For most people, this is not going to be a simple task, and you will probably need to get started sooner rather than later if you expect to meet the 2015 deadline.
Service Provider Credentials
A best practice until July 1, 2015, requirement 8.5.1 will likely take service providers a while to implement. 8.5.1 states:
- “Service providers with remote access to customer premises (for example, for support of POS systems or servers) must use a unique authentication credential (such as a password/phrase) for each customer.
- Note: This requirement is not intended to apply to shared hosting providers accessing their own hosting environment, where multiple customer environments are hosted.”
The driver behind this requirement is that too many breaches were determined to have been caused by a vendor having remote access to customers’ equipment and using the same credentials to gain access to every customer.
Obviously once those credentials were compromised, it became relatively simple for an attacker to gain access to any customer who is serviced by the vendor. As a result, the PCI SSC is now requiring service providers to use different credentials to gain access to each of their customers’ networks.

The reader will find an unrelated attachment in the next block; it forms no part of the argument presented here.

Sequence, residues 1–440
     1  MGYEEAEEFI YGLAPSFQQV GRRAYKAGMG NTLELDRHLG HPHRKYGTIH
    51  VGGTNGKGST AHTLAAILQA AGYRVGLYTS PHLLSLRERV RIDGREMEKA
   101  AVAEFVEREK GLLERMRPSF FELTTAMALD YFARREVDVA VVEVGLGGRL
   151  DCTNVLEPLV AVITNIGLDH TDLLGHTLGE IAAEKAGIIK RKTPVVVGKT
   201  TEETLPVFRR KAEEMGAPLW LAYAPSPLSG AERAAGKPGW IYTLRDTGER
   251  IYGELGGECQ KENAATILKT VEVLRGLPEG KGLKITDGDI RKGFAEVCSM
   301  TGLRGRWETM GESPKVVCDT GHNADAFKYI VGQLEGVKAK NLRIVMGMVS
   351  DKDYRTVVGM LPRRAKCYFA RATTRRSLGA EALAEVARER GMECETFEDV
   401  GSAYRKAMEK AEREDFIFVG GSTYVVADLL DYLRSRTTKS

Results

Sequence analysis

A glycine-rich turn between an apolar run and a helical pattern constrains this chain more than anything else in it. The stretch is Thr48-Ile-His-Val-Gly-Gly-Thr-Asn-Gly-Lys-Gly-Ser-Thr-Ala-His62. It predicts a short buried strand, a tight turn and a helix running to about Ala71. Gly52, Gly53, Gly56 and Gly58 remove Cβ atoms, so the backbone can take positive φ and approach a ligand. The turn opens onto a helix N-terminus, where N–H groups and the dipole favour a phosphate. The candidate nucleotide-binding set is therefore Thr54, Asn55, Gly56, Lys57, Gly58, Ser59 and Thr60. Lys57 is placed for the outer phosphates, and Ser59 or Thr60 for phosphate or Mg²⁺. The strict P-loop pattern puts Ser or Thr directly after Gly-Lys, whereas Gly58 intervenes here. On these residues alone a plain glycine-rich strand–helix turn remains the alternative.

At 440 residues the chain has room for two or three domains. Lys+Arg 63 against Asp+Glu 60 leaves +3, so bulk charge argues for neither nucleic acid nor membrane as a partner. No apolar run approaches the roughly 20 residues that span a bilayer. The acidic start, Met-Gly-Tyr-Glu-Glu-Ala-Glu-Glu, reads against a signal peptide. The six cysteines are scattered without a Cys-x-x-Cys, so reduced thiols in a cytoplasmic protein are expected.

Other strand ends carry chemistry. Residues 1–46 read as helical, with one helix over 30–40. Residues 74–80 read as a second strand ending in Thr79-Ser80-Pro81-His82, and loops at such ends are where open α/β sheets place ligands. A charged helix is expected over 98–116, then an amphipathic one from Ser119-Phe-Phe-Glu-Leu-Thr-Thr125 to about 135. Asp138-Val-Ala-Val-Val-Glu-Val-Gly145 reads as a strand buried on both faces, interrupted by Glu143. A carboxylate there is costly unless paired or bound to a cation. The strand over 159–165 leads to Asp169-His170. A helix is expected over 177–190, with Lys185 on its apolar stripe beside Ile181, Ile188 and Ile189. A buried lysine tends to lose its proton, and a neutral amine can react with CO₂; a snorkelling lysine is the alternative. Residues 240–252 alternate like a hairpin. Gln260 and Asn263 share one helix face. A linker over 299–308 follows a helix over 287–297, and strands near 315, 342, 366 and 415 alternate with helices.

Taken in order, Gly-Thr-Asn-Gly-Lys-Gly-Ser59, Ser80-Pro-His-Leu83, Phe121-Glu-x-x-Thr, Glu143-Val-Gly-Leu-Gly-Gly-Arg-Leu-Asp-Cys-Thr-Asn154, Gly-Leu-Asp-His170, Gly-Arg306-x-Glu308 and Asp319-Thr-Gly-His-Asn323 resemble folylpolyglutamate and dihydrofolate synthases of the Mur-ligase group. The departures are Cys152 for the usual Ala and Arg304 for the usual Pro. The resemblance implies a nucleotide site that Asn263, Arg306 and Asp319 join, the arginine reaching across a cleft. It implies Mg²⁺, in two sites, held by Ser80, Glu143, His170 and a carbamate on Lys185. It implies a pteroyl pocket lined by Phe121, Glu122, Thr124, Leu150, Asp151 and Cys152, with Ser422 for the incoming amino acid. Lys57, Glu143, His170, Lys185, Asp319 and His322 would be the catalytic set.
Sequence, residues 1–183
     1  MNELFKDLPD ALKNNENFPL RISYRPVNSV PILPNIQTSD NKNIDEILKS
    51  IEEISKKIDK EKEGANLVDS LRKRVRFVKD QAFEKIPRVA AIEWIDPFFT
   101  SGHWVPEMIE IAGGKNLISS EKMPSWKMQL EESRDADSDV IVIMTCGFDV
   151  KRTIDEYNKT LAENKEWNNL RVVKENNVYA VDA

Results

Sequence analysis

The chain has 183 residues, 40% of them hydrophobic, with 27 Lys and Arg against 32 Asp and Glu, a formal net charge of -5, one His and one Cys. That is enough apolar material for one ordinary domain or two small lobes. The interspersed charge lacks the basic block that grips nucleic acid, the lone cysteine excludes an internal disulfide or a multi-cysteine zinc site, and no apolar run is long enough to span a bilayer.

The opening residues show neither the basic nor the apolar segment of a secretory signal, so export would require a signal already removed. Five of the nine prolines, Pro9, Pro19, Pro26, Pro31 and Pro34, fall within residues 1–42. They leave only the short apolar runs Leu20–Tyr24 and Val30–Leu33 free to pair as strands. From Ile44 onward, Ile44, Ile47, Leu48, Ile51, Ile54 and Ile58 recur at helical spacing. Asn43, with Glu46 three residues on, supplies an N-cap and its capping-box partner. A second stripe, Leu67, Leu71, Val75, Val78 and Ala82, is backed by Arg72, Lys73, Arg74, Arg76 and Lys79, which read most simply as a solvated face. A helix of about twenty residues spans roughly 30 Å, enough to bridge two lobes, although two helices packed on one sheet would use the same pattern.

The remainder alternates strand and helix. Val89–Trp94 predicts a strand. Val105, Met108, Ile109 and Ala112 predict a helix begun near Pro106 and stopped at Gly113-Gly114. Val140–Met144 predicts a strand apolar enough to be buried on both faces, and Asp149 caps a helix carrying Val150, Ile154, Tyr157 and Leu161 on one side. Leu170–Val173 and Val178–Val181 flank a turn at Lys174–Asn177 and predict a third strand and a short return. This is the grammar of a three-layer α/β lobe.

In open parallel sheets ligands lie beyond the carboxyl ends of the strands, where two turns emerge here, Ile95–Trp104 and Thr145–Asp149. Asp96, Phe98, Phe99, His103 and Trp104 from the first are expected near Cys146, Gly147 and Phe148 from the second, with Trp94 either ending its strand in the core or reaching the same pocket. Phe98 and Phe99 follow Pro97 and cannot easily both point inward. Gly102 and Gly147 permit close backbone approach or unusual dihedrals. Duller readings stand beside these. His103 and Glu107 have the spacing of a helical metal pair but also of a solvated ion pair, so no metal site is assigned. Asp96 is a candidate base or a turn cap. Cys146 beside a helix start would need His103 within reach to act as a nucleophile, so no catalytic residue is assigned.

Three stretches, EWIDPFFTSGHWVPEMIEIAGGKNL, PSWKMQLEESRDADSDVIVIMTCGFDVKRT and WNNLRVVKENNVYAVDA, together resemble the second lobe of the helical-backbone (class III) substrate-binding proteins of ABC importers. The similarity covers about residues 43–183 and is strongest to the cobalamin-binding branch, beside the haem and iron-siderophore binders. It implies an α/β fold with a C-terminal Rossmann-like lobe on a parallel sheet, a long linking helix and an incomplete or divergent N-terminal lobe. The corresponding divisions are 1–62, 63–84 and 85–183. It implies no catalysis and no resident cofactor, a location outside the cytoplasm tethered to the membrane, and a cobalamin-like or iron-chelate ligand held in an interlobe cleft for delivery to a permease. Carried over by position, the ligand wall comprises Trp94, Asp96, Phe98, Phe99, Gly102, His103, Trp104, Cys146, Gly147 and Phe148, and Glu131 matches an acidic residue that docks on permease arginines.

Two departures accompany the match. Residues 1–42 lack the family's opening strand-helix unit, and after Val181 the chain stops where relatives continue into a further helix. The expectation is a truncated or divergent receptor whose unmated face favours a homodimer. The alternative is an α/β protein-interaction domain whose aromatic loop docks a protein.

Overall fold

Now this would seem like a fairly simple problem to be solved. There are all sorts of enterprise password vault solutions just for this purpose. However, I can tell you from the experiences of some of my service provider clients that have implemented such solutions, making it work without impacting service level agreements (SLA) and other contractual obligations can be very problematic.
It can also take up to a year to work out all of the bugs and get back to normal operations. During that timeframe, penalties due to SLAs not being met and other contractual issues can adversely impact the cost of implementing the vault.
As a result, if you are a service provider and you are providing management, monitoring or other services that require your personnel to have remote access to your customers’ networks, then you need to start planning for a credential vault solution as soon as possible so that you can have it operating effectively by the June 30, 2015 deadline.
6.5.6 Didn’t Make the Final Cut - Are You Sure?
A lot of people have commented on the fact that new requirement 6.5.6 is missing from the final version of the PCI DSS. Requirement 6.5.6 in the draft was focused on security of SAD in memory.